As the dust settles on what was, for the most part, an unexciting transfer window, many footballs fans will be disappointed that the greatest pantomime of the season (Deadline Day) failed to live up to expectations. Big money moves were few and far between, limited to one or two clubs that have hit the panic button as they struggle to keep their Premiership head above Championship water. Unlike other years in which exorbitant transfer fees were paid to acquire below-par players, e.g. Andy Carroll to Liverpool £35m, many clubs were satisfied to just play the cards they had been dealt at the start of the season. Although this January’s total (£127.8 million) was more than double what was spent in January 2012 (£60m), clubs , for the most part, were not as trigger happy as years gone by.
The majority of the transfer activity was circled around three of the twenty Premier League clubs. Liverpool, Newcastle and Queens Park Rangers contributed over 50% of this transfer window’s spending, with the latter giving out more money than Marty Whelan on Winning Streak. It is interesting to note that both Newcastle and QPR were also amongst the top spenders in January 2012, making up two of the top three, yet find themselves firmly in a relegation battle. Chelsea, a club tainted with financial flops due to a trigger-happy owner, were relatively quiet by their own standards, along with free-spending Manchester City. Dan Jones of Deloitte commented that clubs have been a lot more controlled during this window, despite the increased broadcasting revenues they will receive next season (50% increase from £20m to £30m).
As the recession continues to impact on all aspects of our lives, perhaps clubs are finally waking up to the reality that they too could find themselves victim to the financial mire that has beset businesses throughout the world. After all, one could argue that football has now become 51% business and 49% sport. Traditionalists says that a good team makes for a great club, yet one could argue that financial salvation is the true barometer of success in modern football, e.g. David Moyes at Everton. Balancing the books has become just as important as notching up three points on a Saturday. In January 2011, a whopping £135m was spent on deadline day. This is more than 2012’s £30m and 2013’s £35m put together. Managers, with Harry Redknapp the exception, are becoming more financially astute. Keeping a club out of the proverbial ‘red’ is a skill that Arsene Wenger has perfected throughout his managerial career, and despite eight years without a trophy, it is clearly what makes him untouchable at the Emirates.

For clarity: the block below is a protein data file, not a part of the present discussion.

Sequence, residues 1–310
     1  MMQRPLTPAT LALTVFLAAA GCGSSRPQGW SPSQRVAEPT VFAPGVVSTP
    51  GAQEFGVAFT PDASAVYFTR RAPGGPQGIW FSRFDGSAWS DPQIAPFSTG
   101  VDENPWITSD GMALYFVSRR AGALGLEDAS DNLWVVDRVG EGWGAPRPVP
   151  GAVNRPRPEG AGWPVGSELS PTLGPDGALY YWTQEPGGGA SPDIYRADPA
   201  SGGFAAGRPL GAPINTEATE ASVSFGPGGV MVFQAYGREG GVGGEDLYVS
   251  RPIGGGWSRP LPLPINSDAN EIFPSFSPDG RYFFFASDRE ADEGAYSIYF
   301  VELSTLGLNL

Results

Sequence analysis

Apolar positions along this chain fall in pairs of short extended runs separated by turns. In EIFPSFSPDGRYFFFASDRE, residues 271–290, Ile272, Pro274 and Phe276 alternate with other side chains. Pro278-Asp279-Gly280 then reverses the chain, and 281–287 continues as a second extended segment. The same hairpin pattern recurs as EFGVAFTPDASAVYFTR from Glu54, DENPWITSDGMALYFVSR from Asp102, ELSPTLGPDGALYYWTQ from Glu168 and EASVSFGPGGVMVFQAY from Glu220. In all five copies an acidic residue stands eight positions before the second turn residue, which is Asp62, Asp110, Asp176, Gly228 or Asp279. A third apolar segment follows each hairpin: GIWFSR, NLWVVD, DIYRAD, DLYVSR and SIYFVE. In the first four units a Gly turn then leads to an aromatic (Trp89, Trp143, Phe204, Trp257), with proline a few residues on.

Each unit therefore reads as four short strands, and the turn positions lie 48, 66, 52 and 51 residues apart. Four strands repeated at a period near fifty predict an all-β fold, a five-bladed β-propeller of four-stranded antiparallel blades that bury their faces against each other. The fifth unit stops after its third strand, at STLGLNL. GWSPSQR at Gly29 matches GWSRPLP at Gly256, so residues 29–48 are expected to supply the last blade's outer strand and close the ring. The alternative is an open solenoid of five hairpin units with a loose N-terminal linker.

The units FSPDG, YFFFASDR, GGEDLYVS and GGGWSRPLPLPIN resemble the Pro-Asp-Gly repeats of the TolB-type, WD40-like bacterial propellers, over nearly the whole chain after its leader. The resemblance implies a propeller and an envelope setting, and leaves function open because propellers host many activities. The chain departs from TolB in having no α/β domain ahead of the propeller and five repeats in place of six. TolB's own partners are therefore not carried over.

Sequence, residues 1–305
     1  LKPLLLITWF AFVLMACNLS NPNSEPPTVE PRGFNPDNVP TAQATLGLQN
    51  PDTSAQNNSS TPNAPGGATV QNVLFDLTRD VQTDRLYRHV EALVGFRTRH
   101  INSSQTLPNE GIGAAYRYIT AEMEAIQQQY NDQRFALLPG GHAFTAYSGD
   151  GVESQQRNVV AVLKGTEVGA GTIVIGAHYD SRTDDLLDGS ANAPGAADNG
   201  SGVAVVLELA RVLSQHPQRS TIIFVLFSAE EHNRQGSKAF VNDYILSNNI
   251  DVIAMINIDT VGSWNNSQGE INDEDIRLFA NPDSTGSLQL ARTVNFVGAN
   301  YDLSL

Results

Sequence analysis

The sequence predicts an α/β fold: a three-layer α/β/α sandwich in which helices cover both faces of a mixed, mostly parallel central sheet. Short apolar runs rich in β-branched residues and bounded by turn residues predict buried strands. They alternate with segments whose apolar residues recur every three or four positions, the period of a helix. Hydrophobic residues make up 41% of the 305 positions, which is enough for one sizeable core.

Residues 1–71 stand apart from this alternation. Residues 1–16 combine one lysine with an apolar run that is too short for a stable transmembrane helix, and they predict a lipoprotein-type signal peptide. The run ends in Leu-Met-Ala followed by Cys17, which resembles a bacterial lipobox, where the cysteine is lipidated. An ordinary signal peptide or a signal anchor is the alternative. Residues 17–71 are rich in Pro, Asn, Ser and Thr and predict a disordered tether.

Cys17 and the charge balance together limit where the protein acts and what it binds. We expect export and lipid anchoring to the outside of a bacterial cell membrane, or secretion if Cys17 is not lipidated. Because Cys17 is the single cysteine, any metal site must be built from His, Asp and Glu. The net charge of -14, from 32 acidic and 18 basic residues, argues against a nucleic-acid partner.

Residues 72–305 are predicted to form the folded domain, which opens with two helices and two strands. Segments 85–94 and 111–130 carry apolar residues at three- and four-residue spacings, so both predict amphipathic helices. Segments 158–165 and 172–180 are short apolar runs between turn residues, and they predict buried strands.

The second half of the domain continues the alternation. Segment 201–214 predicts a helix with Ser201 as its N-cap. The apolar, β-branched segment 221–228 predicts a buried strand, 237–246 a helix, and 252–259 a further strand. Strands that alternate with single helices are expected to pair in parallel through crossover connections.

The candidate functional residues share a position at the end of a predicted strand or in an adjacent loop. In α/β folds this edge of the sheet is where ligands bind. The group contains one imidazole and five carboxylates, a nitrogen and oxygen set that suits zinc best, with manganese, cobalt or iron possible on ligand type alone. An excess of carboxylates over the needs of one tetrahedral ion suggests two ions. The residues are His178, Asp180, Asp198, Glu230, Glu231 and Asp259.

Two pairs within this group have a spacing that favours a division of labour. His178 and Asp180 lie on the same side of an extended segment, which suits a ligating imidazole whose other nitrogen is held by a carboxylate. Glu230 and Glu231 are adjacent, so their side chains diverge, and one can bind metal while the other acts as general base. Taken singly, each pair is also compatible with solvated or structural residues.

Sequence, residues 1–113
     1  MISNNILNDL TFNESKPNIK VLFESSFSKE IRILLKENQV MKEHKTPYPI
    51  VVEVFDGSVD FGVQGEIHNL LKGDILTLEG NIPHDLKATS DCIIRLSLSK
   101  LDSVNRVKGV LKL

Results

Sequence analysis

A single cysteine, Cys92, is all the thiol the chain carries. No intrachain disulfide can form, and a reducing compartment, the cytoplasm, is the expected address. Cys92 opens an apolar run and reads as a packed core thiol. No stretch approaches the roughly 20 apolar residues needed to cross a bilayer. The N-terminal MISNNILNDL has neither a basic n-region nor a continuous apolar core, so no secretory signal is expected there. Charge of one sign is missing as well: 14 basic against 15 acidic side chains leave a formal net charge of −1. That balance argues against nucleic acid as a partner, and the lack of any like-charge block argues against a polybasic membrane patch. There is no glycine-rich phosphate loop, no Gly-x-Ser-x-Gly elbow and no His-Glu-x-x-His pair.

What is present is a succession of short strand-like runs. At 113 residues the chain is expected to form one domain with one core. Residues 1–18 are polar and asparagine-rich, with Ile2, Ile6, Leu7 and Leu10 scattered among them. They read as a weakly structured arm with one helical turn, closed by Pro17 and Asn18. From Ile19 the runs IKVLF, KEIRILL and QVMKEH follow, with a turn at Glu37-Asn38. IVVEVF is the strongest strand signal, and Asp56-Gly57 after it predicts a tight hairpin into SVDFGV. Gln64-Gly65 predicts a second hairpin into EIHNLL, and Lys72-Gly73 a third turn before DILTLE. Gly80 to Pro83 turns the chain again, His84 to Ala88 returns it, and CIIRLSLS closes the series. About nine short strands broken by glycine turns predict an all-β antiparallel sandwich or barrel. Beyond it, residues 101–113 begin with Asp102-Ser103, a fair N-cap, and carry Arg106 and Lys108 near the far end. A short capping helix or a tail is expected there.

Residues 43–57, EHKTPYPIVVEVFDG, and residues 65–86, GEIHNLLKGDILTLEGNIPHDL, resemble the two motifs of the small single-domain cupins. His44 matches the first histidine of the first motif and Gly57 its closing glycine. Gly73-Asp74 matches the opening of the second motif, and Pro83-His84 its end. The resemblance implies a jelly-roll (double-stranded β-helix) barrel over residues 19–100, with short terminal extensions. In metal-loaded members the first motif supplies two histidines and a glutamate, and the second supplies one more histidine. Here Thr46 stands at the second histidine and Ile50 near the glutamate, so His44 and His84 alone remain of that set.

The overindulgence and gluttony of years gone by seems to have boarded a plane, and set up shop outside well-lubricated clubs in the Middle East and Eastern Europe, case and point Willian’s £34m transfer to Anzhi Makhachkala. It is clear that the inflated transfer fees and wheelbarrows of cash that clubs in Qatar and Russia have to offer is unsustainable, yet the pockets of the oil-rich investors pulling the strings are extremely deep. Luckily, it seems that English clubs have begun to take note of the impending financial-footballing-doom and have begun to change their ways. This new-found financial astuteness was exemplified in Tottenham Hotspur’s decision to pull the plug on a move involving a long-term target of theirs, Leandro Damiao, as they refused to give into Internacional’s inflated demands. Instead, they seemed satisfied with more economical purchases, such as the £1.5m acquisition of Lewis Holtby, a young player with a huge future in the game.
One has to note that although clubs are not as carefree with their money as in the past, wages are still on the increase. This, of course, is also unsustainable, yet a reduction in transfer fees is the right move in combating a certain financial disaster. Many owners still find themselves in a race against time to keep their clubs in the ‘green’, yet it looks like they are finally starting to take a move in the right direction. People say that money can’t buy happiness. 47,805 people in the Etihad Stadium in Manchester would disagree.
SPORT IS EVERYTHING. Richard Barrett.